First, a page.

The tail wagging has been in overdrive lately at the animal shelter. But the waiting is finally coming to and end for the 60-plus dogs that were seized in Oct. 2019.
Orange County Animal Services announced the adoption process for the dogs seized in October will begin Saturday, Jan. 25, at 5 p.m.
Because of overwhelming interest in the dogs, the department has developed a special adoption process. Dogs will be available in batches ranging from six to 12. Interested adopters will submit applications during the viewing period. Once the viewing period has closed, an adopter will be randomly drawn.
Bob Marotto, director of Orange County Animal Services, said the outpouring of interest for the dogs has been unprecedented.
“The donations — and we’re talking in the tens of thousands of dollars — is unlike anything I’ve ever seen,” Marotto said.
The first batch of available dogs will be viewable online at 5 p.m. on Jan. 25 and viewable at the shelter beginning Monday, Jan. 27, at noon. Applications can be submitted online (the preferred method) or at the shelter until 8 a.m. Thursday, Jan. 30. Interested individuals may apply for more than one dog each week. However, only one application per household per dog will be accepted. In addition, OCAS will impose a limit of one dog per family. Once a family adopts a dog during this process, applications for other dogs will not be considered.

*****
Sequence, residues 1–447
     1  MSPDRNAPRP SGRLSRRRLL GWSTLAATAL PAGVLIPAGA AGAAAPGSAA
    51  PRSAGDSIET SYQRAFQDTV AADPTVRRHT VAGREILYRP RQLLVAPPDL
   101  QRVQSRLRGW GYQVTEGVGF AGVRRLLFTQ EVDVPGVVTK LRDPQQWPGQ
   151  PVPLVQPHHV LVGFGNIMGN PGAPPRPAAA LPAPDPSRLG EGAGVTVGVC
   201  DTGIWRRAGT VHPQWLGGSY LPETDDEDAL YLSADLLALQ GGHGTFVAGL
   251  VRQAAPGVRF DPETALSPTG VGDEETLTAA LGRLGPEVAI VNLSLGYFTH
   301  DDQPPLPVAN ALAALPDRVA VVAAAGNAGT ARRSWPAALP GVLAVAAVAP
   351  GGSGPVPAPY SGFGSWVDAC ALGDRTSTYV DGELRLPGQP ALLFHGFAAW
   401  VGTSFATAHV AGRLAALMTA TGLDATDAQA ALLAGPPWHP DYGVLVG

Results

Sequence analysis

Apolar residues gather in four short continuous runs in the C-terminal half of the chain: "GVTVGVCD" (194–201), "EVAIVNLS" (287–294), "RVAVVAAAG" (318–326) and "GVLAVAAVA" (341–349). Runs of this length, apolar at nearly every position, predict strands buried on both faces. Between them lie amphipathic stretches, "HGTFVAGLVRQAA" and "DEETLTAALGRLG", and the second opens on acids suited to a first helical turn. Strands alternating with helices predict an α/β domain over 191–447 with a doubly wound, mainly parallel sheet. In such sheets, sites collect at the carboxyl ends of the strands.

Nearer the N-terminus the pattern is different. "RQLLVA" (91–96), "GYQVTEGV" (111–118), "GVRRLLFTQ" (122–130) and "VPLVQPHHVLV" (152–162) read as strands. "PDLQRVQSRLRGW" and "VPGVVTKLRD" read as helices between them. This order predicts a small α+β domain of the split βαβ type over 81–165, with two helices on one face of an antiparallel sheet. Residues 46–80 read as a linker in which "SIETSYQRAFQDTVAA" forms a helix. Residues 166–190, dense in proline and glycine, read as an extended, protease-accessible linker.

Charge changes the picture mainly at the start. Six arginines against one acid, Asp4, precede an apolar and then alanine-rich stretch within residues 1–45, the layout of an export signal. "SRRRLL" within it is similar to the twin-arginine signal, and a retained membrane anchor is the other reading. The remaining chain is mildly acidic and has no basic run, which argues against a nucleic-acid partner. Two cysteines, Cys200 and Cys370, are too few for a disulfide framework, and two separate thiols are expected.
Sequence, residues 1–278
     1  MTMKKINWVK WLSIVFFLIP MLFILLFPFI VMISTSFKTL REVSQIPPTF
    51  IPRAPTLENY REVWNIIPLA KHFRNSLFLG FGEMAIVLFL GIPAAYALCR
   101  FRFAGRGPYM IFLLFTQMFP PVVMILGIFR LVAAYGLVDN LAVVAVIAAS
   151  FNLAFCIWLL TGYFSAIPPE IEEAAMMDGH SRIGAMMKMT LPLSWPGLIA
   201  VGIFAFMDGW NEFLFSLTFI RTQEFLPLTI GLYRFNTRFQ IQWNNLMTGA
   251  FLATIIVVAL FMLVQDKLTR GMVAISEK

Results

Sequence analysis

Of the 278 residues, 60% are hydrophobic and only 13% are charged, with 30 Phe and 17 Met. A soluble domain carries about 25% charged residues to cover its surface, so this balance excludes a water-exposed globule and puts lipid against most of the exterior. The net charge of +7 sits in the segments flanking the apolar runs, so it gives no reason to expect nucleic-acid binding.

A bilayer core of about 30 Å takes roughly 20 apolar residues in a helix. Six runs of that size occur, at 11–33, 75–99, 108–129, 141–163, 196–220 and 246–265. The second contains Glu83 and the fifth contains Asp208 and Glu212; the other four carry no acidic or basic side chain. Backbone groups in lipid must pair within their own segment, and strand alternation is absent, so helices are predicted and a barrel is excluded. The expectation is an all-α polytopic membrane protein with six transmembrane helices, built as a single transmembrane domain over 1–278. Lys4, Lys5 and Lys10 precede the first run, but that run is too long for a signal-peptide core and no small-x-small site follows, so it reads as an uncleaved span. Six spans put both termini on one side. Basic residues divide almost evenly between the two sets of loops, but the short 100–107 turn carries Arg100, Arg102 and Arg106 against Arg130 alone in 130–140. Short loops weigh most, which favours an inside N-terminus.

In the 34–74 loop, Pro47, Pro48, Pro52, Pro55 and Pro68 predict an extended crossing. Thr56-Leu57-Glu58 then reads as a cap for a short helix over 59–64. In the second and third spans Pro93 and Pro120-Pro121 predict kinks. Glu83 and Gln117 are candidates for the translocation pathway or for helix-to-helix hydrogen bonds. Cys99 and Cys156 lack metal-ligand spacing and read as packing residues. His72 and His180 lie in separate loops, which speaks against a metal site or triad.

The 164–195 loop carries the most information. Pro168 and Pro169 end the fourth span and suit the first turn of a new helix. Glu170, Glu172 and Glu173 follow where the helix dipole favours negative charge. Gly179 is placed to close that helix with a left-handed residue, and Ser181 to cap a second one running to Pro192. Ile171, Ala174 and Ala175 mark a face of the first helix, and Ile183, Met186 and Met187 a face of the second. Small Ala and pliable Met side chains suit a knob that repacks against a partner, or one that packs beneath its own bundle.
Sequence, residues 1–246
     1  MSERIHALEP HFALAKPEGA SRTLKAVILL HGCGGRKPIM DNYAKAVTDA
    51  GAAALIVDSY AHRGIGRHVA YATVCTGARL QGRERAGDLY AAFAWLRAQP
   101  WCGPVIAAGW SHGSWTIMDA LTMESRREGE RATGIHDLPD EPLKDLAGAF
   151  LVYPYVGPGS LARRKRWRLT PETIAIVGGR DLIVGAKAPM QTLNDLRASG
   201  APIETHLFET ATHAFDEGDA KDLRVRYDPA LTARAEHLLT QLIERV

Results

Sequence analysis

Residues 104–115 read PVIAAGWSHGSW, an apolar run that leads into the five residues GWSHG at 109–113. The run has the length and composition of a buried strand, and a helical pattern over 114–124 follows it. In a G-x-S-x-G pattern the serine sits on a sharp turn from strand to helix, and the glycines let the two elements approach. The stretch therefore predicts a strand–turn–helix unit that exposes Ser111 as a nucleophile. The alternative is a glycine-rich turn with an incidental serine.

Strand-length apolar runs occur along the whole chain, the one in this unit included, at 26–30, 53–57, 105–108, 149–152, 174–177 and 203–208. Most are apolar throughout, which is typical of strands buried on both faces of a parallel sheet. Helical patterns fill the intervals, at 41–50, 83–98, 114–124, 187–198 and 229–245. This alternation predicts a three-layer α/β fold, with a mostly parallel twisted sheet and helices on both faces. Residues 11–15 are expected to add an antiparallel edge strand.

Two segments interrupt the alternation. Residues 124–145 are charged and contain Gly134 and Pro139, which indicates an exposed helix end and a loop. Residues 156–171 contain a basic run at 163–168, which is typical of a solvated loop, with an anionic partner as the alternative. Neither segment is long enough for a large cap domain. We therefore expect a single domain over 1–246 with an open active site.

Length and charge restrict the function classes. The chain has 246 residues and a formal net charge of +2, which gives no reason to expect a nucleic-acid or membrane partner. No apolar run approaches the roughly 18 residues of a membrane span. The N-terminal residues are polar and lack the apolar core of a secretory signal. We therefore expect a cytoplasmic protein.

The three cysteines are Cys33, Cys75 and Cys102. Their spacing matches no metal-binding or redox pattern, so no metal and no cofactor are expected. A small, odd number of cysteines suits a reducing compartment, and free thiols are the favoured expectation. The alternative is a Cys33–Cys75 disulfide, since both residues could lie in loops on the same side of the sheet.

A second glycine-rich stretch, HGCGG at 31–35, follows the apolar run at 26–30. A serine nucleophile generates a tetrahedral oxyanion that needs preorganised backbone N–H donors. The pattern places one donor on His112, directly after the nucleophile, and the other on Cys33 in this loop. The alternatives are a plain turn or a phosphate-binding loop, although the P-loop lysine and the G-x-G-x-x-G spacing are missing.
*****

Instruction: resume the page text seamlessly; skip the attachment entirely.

Animal Services expects this process will continue weekly with a new batch available each Saturday at 5 p.m. until all of the dogs have been rehomed. More details about this special adoption process are available at www.orangecountync.gov/2321/Special-Adoptions .
Interested individuals are urged to review all of the information provided on that page, which includes information about how people are notified if they are selected to adopt an animal, and the timetable on which the process of adoption must occur.
Animal Services is underscoring the importance of education about bulldog breeds, some of which is available on the page above, due to the serious health issues and concerns that can often be characteristic of these breed types. Because of these concerns, part of the special adoption process that has been developed will be ensuring that each adopter understands the costs and ongoing care that may be associated with these animals.
All dogs will be spayed or neutered, examined by veterinary health care staff, and they will have received basic vaccinations. Specific medical conditions of concern to adopters will be identified in the information provided online about the individual animals in the weekly batch being made available for adoption.
Marotto said the support of the community, a strong partnership with law enforcement and a heroic effort from the Animal Services staff and affiliates made reaching a successful outcome possible.
Donations are still being accepted to help offset the costs of care since October 2019 and can be made directly to Animal Services.